Email was heating up in 2012. It’s on fire in 2013.
As social networking sites work towards taking over email, realistically it will not happen. Just because email has been around forever, doesn’t mean it needs to be replaced. However, it can be improved. Jason Fried of 37Signals puts it well,
“Email is still the best invention there’s ever been in the tech world; it’s even more important than the Web, because it’s completely reliable and everyone has it.”
Now paying $100 to send a message is extreme, and there are tons of free email services out there, but they don’t have the capacity to provide top notch customer service, simply because it is impractical to individually respond to each customer inquiry when there are millions of customers. Instead you have to visit the “Frequently Asked Questions” page. Have you ever tried making a call into a customer service helpline where everything is automated? A robot voice gives you menu options to select from, you select your menu number, and it takes you down the never ending road of more menu options to choose from. On top of that, it is close to impossible to actually talk to a live person who will provide you with timely help.
For larger email providers, the practicality of being able to ask a support question is not quite there, in fact it definitely is something lacking with major email companies. When you ask for assistance, there is no certainty of a real human being responding to you on the other end. With newer email apps that have a defined type of user and that cost a minimal fee, you know the response you get on the other end is real. There is humbleness between the support team and the users. It’s genuine help. It’s proper customer service.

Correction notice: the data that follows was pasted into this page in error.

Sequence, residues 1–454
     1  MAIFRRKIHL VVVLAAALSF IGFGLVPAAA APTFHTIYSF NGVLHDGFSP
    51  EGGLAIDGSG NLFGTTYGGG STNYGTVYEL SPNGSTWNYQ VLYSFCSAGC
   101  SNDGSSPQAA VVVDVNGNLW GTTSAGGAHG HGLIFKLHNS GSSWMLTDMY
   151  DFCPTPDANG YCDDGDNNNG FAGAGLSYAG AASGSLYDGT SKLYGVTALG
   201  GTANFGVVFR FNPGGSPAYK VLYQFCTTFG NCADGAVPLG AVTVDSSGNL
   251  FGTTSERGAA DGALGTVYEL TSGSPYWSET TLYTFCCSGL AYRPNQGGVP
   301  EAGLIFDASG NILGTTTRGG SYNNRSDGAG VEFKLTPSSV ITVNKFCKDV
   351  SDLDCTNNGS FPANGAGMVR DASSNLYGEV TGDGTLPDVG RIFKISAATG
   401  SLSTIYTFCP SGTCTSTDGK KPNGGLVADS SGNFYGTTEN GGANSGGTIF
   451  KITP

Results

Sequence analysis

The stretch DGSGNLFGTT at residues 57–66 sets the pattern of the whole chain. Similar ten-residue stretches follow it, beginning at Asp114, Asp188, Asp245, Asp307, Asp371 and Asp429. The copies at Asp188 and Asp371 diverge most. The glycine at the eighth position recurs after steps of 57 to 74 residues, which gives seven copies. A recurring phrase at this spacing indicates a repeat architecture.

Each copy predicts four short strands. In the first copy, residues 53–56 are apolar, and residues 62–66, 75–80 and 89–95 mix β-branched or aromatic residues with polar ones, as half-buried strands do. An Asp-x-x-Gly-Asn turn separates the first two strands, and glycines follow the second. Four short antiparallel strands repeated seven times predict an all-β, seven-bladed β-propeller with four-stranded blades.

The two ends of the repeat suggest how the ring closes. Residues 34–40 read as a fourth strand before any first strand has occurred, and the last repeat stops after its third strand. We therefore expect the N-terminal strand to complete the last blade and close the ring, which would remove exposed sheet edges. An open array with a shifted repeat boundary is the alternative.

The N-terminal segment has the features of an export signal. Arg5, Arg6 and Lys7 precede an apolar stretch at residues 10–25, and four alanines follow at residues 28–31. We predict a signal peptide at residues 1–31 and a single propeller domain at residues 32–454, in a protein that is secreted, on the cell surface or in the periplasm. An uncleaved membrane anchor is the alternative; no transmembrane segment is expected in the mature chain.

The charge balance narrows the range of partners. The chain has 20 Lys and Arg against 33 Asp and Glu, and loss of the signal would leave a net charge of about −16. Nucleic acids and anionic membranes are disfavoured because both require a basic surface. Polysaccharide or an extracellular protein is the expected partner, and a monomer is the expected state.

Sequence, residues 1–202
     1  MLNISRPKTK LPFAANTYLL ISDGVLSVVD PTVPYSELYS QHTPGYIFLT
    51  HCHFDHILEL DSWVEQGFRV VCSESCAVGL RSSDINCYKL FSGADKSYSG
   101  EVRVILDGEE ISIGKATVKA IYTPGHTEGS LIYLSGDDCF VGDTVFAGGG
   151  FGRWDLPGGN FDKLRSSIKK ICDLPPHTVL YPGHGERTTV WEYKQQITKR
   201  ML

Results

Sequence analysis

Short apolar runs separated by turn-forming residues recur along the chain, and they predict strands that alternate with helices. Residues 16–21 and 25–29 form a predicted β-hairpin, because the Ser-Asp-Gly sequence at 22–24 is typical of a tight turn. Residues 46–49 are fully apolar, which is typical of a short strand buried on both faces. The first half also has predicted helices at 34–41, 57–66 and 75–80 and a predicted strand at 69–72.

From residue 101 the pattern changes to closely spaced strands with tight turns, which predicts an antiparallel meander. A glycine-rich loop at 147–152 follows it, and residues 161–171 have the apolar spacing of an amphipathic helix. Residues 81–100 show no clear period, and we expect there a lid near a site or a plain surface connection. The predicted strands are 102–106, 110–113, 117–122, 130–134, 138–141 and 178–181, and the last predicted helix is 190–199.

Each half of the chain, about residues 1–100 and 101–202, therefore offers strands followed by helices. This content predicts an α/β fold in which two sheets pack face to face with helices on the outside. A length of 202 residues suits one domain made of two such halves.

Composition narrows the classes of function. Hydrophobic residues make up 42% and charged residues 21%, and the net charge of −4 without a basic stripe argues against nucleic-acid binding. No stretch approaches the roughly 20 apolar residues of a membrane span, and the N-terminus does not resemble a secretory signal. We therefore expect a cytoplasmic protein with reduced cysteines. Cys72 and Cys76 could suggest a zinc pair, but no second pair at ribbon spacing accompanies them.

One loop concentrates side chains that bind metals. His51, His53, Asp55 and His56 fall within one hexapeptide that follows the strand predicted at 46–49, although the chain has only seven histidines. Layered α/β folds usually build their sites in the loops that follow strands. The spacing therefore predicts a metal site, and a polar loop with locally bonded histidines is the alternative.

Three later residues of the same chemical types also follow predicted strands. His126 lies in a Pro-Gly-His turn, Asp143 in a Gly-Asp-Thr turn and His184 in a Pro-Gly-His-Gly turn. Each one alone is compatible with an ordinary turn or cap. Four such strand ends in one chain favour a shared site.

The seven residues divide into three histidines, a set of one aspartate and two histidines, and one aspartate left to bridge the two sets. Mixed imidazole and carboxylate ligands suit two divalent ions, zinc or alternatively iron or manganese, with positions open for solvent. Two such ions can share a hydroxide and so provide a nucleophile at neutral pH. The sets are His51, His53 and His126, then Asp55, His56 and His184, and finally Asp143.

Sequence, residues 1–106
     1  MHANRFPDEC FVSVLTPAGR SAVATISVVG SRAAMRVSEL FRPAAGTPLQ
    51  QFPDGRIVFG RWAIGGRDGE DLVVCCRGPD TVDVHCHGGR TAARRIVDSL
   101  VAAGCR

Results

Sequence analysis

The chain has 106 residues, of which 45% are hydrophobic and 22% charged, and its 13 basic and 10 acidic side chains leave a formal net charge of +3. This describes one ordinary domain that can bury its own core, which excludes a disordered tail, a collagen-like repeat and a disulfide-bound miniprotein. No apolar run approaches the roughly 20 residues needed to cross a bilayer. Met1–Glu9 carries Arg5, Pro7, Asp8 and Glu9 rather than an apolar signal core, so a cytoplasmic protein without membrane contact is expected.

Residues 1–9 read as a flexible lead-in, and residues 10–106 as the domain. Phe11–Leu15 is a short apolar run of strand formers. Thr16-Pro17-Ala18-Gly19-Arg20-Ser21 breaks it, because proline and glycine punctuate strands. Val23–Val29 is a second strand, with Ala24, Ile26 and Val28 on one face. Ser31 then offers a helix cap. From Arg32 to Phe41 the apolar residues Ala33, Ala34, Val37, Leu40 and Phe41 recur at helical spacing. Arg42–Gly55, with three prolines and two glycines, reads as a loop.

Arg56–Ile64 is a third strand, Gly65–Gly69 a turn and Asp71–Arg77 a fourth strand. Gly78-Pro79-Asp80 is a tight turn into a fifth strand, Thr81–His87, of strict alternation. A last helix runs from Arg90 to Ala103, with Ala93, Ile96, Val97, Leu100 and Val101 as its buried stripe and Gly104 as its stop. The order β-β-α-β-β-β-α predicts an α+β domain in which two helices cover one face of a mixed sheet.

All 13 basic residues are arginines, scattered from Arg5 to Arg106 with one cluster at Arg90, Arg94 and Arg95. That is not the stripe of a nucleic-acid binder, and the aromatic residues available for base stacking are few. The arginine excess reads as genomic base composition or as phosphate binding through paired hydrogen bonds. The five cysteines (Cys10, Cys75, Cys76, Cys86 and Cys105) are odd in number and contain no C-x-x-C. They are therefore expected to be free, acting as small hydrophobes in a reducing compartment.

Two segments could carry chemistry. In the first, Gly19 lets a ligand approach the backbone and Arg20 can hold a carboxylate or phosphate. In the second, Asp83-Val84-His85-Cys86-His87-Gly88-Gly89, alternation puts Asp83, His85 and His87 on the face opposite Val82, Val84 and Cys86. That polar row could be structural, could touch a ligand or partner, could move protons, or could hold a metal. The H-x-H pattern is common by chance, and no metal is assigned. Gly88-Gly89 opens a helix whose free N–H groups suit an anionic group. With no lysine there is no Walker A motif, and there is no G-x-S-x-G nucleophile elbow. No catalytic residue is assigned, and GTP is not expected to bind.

When you pay for email, you are likely seeking a specific type of experience than the generic free web based clients. With paid email you are not just another user out of millions of other users. You can avoid ads if they really bother you. You can expect a tailored experience with paid desktop clients that you enjoy because of their flexibility, especially when specifically developed for your operating system of choice. Not another haphazard one size fits all email service. The idea is you get much better support and an overall better experience.
Mailbird uses UserVoice, which is a wonderful service for customer support, and it has been very beneficial for both our private beta testers and our team in managing all the great feedback and reports during our development. We hope to emulate UserVoice by maintaining standards that provide quick and personal responses to our users. A lot of the cool changes and additions to Mailbird have been funneled through our support system, and we hope to continue and maintain this set up.
So again, paying for email has some great tradeoffs to the mass standard free web clients out there. No matter where you are in the world, shelling out a few bucks, Euros, Rupiah or whatever your local currency is for a solid and helpful online communication tool that suits you is worth it. Facebook may have taken this to the extreme with the $100 message to Mark Zuckerberg, but a bold move to test. Why pay for email? Because you will have a phenomenal instrument for communication and team that is dedicated to your happiness, for less than buying a pack of gum once a month.